Sticky Rice Recipe

    Thai sticky rice in a bowl
    Shutterstock.com

    Glutinous rice, also known as sticky rice, is a staple food in Thailand and many parts of Asia. If you’ve enjoyed this kind of sticky recipe before, then you’ve probably wondered how to make sticky rice at home.

    Thai sticky rice like this is very easy to make at home. You need to first know what sticky rice brands to consider, as sticky rice is not the same as many of the other types of long or short grain rice products you see in the store. Sticky rice is very low in amylose content and very high in amylopectin, which is what makes the rice “sticky.”

    Some of our favorite brands include Sanpatong’s sweet rice and Nishiki’s Medium Grain Rice. You can use either brand to create delicious dessert recipes like Thai mango sticky rice.

    If you’re looking to just learn how to make the sticky rice component for numerous Thai dishes, you are at the perfect destination. The key with any sticky rice recipe is to make sure you allow the rice enough time to soak in water. The longer it soaks in water, the more authentic the texture and flavor will be.

    You can also make this sticky rice in a rice cooker with much success. Just remember to leave ample time to soak your rice in water before you actually turn the rice cooker on and cook the sticky rice.

    Summary

    Cook time: 20 Minutes
    Prep time: 10 Minutes
    Idle time: 4 Hours
    Level
    Servings: People
    Unit:

    Ingredients

    Instructions

    1. Soak the rice in a large bowl of water for at least 4 hours but preferably overnight.
    2. Bring 4 cups of water to a boil in a steamer pot over high heat. Drain the soaking liquid from the rice and transfer the rice to the bamboo steamer basket. Set the basket in the pot. Cover with a pan lid. Cook for 10 minutes.
    3. Remove the steamer basket from atop the pot and squeeze the basket to help loosen the rice. With a quick flick of the wrist, flip the rice once. Return the basket to the pot, cover, and let steam for another 10 minutes or until the rice is tender and sticky.
    4. Let rest for 10 minutes and serve warm.

    Additional information

    Updated by Beeta Hashempour on 7/29/2018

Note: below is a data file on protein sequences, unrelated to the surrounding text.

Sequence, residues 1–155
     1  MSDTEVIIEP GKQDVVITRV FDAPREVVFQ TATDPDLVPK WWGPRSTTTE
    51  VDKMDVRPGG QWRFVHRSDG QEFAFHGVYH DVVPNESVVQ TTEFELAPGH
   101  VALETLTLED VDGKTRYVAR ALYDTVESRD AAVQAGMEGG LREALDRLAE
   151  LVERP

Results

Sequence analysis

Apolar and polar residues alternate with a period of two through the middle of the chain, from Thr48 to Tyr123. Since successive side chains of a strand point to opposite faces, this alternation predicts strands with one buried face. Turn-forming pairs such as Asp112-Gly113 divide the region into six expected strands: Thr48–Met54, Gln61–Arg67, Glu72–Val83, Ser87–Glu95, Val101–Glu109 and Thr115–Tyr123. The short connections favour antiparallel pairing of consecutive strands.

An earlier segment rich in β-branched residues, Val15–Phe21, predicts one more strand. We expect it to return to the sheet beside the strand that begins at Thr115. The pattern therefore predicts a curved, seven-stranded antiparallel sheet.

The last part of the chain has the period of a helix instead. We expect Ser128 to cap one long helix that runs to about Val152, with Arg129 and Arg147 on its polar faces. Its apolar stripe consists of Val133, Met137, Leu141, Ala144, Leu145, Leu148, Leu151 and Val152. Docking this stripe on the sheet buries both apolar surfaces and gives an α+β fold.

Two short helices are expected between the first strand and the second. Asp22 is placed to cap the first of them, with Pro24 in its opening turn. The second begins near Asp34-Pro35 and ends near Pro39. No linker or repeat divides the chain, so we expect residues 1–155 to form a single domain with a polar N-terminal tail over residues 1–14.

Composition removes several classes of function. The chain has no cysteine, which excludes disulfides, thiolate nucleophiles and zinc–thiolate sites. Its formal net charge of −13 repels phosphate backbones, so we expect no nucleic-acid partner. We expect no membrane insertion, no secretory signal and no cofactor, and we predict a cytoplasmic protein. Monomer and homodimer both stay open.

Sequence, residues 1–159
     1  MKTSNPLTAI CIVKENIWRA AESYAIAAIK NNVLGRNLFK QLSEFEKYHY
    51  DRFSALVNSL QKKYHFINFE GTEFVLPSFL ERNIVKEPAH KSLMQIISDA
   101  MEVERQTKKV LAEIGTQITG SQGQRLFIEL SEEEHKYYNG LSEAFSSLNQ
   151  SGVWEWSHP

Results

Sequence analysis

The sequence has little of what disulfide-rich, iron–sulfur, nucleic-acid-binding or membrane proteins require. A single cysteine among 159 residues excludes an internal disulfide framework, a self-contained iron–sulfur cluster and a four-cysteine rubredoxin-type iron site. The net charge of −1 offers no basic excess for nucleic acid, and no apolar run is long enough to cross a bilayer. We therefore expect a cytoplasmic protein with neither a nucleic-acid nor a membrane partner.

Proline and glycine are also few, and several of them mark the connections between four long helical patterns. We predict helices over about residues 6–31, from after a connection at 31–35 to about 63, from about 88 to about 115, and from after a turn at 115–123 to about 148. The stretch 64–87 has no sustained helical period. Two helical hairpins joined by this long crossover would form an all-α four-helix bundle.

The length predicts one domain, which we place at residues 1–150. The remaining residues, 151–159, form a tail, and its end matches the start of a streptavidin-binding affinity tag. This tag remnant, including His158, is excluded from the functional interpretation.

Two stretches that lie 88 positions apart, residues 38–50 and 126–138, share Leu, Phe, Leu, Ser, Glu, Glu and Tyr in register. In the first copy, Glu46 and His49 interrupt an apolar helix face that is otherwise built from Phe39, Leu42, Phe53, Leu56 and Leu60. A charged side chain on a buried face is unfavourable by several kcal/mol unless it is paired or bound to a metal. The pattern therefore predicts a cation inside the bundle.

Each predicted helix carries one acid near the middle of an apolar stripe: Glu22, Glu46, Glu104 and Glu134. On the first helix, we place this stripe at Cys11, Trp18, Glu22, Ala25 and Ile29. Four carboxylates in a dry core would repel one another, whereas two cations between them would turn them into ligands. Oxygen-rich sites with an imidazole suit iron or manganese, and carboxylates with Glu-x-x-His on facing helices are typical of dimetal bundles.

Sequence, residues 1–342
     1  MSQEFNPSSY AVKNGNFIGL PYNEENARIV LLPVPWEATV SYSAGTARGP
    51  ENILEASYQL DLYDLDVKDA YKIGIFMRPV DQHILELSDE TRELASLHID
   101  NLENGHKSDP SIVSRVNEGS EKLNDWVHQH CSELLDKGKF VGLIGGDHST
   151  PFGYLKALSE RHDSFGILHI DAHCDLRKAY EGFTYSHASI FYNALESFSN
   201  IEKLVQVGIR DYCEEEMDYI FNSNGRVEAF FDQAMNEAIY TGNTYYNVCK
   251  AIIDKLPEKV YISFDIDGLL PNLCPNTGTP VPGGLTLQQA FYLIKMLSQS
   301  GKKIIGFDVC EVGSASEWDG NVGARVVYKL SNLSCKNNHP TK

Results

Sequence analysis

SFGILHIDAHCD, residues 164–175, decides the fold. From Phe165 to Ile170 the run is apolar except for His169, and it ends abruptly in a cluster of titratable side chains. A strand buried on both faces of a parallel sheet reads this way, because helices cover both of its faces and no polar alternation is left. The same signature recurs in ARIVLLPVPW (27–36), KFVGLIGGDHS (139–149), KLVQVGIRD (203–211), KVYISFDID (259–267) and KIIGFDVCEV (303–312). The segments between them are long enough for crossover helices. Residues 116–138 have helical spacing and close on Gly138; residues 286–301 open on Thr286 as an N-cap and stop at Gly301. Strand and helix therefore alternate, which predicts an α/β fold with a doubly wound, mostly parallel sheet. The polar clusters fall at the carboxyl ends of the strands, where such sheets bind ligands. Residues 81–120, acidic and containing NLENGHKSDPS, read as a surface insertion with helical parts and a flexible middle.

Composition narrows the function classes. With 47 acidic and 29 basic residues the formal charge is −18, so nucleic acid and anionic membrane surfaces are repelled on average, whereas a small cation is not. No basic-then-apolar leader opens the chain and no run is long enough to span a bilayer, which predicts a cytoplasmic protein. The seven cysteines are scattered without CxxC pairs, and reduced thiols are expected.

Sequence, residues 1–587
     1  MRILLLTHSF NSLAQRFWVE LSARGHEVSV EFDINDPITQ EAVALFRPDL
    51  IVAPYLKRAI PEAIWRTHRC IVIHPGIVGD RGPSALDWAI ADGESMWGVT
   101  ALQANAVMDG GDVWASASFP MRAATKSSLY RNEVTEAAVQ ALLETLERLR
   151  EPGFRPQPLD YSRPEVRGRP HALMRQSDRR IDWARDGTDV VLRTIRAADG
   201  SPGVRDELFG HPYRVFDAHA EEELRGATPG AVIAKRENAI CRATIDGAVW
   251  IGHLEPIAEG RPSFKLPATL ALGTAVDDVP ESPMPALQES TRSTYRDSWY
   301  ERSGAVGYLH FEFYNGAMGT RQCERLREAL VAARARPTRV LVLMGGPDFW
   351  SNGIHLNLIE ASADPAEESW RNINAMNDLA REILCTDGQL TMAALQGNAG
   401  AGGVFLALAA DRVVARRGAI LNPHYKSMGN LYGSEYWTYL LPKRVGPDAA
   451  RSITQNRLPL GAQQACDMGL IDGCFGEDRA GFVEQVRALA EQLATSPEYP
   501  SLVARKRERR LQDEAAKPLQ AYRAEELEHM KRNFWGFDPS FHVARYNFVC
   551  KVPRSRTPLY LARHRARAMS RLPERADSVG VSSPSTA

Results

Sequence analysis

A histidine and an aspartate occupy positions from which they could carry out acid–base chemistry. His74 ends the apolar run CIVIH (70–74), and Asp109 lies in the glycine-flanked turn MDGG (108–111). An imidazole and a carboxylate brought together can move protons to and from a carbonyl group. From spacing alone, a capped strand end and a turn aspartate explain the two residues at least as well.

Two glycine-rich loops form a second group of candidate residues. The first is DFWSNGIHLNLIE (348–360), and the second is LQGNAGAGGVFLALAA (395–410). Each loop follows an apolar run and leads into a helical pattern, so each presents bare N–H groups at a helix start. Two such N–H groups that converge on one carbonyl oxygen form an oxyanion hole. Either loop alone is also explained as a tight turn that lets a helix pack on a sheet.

Jet Tila is a nationally renowned chef of all styles of Asian cuisine and host of Z Living's TV show Chasing The Yum. His passion for Asian food began at an early age. As a boy, he spent time learning the ancient traditions of classical Asian cuisine in family restaurants and at the Bangkok Market. At age 10, Jet realized his deep connection to food sprung from a deeper connection to his history; learning family traditions from his Cantonese grandmother further piqued his interest. In his early teens, Jet was making appetizers at his family’s restaurants. At 22, he was teaching cooking classes in his backyard a phenomenon that caught the attention of The Los Angeles Times. Chef Jet’s Le Cordon Bleu education, coupled with his extensive knowledge of Asian gastronomy, have given him a wide range of ideas to draw upon and a broad framework to craft incomparable and innovative cuisine. In culinary school, Jet began to develop his style by seeking novel and inventive ways to approach Eastern ingredients with classical French technique. He has also completed an intensive program of study at the California Sushi Academy. Chef Jet has written two cover pieces and several articles for the food section of The Los Angeles Times and has been featured in Los Angeles magazine. He has appeared on Food TV’s “The Best Of,” “Food Finds” and “The Secret Life Of”; The Learning Channel’s “No Reservations” with Chef Anthony Bourdain and “Take Home Chef”; HGTV’s “Smart Solutions” and “Weekend Entertaining”; PBS’s “Visiting With Huell Howser”; and is a frequent contributor to National Public Radio’s “Good Food” with Evan Kleiman. Chef Jet was awarded the Los Angeles Times best recipe of the year for his Tom Yum soup and his Tom Kha Gai soup was named one of the 10 best recipes of 2000. More recently, Jet was responsible for opening the Pacific Cafe at Google headquarters in Silicon Valley. He holds the Guinness World Record for the “World’s Largest Stirfry” at 1,805 pounds. Chef Jet is highly sought after to consult, teach cooking classes and cater meals; he is the Asian food consultant to the Bon Appetit management company.